ACA .Net is a suite of architectural tools including services, code, best practices and patterns built on top of the Microsoft .Net Framework to make SOA development easier to implement, Hartman said. The latest version adds the service generation framework and an aspect-oriented architecture, he said.

"The service generation framework does the code generation of the Web services plumbing so you can focus on the business logic," Hartman said.

Next page: How Avanade helped EMI.

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Brady said Avanade helped EMI in three main ways: Web forms; data model design, producing the model with which the company developed its Web services; and delivering the ACA .Net framework for creating the SOA plumbing.

ACA .Net meant "fewer lines of code to write, manage and test," Brady said. "Avanade easily saved us several months. And now that we have ACA .Net and have used it, we have quite a bit of room to grow with it."

Overall, EMI and Avanade have developed 12 services, including news, tours, consumer e-mail capture and artist discography, Brady said.

Industry observers said the time is right for Web services architectures that can grow with a business.

"Enterprises are sick and tired of expensive, inflexible IT," said Jason Bloomberg, an analyst with ZapThink LLC, in Waltham, Mass. "Integration has been soaking up too much of the budget for way too long. SOA provides a more agile, flexible approach to exposing and consuming IT functionality, finally putting the control of IT capabilities into the hands of the business."

According to The Yankee Group 2004 U.S. Enterprise Web Service Survey, a study of 437 enterprises across the United States, senior enterprise buyers within the manufacturing, financial services, health care and wireless sectors are preparing to invest in SOA infrastructure development. The Boston-based research companys study said 75 percent of the government sector already has begun laying the groundwork for SOAs.

ZapThink analyst Ronald Schmelzer said: "What companies are increasingly realizing is that they already have sufficient business logic for running their operations, but its just not wired together in a way that allows them to continuously reuse their investments for ongoing operations. Every time theres a change in the business—a new acquisition, business process, partner, technology, you name it—the company has to go through an expensive and timely process to reconfigure or even reprogram their existing business systems.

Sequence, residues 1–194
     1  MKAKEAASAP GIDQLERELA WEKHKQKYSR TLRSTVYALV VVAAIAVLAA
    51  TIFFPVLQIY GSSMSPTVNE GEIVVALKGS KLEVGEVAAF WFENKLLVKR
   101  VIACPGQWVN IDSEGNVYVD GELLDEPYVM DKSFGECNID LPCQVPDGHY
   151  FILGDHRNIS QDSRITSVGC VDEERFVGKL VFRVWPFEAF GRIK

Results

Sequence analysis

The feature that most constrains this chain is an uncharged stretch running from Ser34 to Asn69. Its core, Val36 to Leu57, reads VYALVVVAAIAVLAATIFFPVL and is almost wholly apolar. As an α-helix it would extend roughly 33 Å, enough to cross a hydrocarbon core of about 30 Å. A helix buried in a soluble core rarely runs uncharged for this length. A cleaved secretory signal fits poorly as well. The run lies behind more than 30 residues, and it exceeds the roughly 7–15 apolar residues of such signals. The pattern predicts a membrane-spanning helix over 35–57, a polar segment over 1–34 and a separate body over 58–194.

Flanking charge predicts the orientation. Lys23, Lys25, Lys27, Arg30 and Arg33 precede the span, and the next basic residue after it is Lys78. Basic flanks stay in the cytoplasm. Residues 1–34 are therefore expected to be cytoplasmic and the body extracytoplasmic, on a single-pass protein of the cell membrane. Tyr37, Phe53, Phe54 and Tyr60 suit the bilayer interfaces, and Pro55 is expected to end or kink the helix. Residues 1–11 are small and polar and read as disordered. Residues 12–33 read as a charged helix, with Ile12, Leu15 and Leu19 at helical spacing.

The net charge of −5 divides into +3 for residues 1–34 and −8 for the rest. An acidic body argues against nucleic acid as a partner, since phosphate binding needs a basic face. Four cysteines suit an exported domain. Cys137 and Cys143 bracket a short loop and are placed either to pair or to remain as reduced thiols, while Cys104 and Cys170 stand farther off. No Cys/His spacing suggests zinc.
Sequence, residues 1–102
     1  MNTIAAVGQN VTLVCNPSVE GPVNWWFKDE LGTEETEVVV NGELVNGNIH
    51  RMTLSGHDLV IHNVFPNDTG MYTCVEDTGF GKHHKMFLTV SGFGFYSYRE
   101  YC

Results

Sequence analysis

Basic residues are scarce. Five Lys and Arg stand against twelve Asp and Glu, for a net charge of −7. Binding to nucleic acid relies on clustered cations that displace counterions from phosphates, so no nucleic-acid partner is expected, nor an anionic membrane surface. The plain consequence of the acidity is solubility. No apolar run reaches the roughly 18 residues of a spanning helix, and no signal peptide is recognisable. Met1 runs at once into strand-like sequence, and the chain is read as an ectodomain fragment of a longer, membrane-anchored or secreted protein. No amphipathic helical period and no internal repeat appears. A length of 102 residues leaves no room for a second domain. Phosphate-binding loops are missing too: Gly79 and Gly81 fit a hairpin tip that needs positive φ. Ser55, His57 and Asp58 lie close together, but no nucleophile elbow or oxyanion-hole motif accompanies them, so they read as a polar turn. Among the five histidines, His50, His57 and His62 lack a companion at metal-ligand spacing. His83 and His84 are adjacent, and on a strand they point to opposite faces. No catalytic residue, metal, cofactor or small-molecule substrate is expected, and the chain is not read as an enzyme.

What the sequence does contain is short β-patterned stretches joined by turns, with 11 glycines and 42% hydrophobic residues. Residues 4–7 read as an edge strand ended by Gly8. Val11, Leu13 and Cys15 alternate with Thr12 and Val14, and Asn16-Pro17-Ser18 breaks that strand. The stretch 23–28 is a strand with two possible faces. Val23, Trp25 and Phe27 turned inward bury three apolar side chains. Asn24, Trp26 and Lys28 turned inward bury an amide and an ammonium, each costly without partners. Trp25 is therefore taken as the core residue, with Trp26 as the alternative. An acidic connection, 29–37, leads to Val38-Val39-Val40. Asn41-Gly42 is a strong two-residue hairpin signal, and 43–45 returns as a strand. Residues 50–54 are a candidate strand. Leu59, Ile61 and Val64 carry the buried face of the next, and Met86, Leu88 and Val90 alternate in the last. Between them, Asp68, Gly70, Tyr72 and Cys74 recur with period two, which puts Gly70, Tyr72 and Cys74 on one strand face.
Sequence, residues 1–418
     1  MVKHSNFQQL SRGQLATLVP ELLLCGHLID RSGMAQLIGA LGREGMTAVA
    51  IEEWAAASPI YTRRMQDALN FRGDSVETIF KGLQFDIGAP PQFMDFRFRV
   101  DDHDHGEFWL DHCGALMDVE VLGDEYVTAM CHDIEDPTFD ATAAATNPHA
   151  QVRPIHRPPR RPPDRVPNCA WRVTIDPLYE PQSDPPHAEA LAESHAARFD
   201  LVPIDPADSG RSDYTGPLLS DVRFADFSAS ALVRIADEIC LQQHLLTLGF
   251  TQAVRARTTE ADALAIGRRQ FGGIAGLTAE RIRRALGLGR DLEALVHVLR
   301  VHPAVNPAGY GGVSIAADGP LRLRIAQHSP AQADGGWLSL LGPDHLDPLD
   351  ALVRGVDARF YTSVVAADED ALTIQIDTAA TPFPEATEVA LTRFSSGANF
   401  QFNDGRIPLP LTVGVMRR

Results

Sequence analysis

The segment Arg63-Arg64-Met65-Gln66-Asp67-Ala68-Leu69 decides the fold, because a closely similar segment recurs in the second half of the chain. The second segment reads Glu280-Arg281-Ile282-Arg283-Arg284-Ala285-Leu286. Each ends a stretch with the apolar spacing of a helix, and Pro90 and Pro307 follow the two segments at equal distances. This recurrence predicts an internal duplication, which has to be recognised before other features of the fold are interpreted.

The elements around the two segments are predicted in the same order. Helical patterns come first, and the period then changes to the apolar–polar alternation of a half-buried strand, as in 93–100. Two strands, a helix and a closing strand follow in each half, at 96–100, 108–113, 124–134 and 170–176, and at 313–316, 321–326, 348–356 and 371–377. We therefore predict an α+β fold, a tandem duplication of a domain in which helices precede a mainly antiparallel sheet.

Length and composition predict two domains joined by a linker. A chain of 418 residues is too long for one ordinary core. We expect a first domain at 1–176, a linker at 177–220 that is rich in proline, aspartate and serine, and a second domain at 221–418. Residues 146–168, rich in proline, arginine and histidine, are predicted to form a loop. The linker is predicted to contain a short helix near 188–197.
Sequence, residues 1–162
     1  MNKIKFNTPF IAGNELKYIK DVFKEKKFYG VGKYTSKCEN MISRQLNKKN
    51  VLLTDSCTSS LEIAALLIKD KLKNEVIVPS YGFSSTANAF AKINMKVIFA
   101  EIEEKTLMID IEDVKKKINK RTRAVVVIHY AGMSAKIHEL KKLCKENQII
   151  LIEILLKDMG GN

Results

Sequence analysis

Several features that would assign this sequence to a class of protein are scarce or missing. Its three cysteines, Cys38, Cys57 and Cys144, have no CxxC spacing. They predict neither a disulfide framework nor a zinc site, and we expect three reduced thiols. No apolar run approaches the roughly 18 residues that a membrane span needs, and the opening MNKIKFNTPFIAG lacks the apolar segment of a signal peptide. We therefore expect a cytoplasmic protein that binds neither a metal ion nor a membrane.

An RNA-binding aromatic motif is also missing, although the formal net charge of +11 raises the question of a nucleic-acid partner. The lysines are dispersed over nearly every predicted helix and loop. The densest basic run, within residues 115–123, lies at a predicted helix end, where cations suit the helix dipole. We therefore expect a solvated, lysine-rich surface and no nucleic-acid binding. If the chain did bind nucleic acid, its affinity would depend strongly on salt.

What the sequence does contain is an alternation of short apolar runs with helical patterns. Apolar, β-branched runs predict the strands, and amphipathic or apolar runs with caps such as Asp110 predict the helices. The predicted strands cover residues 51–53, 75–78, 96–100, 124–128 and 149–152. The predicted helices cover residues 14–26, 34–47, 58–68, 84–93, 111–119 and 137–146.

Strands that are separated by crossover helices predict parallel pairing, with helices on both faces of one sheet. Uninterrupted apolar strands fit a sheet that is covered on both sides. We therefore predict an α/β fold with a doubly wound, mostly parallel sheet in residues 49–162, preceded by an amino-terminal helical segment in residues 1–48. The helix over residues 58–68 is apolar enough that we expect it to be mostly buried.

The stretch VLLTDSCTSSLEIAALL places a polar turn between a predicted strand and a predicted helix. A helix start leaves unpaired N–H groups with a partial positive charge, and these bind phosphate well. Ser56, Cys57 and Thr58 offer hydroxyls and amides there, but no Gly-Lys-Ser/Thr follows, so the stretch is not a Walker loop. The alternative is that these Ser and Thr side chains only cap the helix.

"SOAs are catching on because they promise two core benefits: the reuse of existing business logic through abstraction ... in a heterogeneous IT environment and the ability to compose those pieces of logic into new applications without rewriting in a way thats agile enough to respond to change without breaking," Schmelzer said.

In addition, Schmelzer said, "the challenge in SOA is not the technology but rather the people; developers and enterprise architects have yet to really figure out how to build the right services and how to build their infrastructure in the right way to avoid the previous problems of tight coupling and dynamic composability. This is why both a comprehensive SOA run-time infrastructure as well as new methodologies, training, models, governance and even a restructuring of companies IT departments are mandated to make SOA a success."

Brady said the SOA initiative has helped EMI "future-proof our sites against back-end changes we might make." He also said the SOA will enable EMI to cut costs in designing new Web sites.

"Something well be looking at over the next fiscal year, which begins in April, is to have data repurposed to generic XML information," Brady said.

Meanwhile, Brady said Avanade was "a great asset" in EMIs switch to an SOA. "This is a project we couldve done with internal services, but it would have taken us longer," he said.

In terms of savings or return on investment, Brady said Avanades work saved several months of development time and enabled EMI to "retire three or four systems."

"The productivity boost depends on the customer," Avanades Hartman said. "It depends on the customers skill set and what they need."

EMI was "asking us to help them solve a classic enterprise problem around integration and reuse," Hartman said. "SOA makes that easier than its been before. And its easier because of open standards, the Web services standards."